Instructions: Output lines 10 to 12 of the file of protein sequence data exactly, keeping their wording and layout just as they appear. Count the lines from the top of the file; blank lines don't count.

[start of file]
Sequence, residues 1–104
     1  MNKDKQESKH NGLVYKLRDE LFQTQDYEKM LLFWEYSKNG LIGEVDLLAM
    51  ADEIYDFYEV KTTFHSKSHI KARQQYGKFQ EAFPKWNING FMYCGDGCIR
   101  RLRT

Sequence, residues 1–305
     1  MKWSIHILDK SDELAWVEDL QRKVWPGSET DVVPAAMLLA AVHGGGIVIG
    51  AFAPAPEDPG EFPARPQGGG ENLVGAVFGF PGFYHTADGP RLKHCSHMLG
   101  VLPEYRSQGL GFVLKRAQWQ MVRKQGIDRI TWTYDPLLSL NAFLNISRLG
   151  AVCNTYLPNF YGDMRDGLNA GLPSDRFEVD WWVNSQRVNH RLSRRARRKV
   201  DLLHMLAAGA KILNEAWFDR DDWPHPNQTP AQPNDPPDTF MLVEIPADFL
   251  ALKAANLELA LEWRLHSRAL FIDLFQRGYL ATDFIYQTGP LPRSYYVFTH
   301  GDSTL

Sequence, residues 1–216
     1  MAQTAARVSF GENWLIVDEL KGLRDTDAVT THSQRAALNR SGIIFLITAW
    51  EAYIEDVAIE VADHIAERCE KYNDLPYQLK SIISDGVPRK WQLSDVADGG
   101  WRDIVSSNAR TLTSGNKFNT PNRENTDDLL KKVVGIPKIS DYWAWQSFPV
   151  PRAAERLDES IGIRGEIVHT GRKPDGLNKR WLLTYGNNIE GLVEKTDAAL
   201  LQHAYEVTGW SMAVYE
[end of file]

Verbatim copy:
   201  DLLHMLAAGA KILNEAWFDR DDWPHPNQTP AQPNDPPDTF MLVEIPADFL
   251  ALKAANLELA LEWRLHSRAL FIDLFQRGYL ATDFIYQTGP LPRSYYVFTH
   301  GDSTL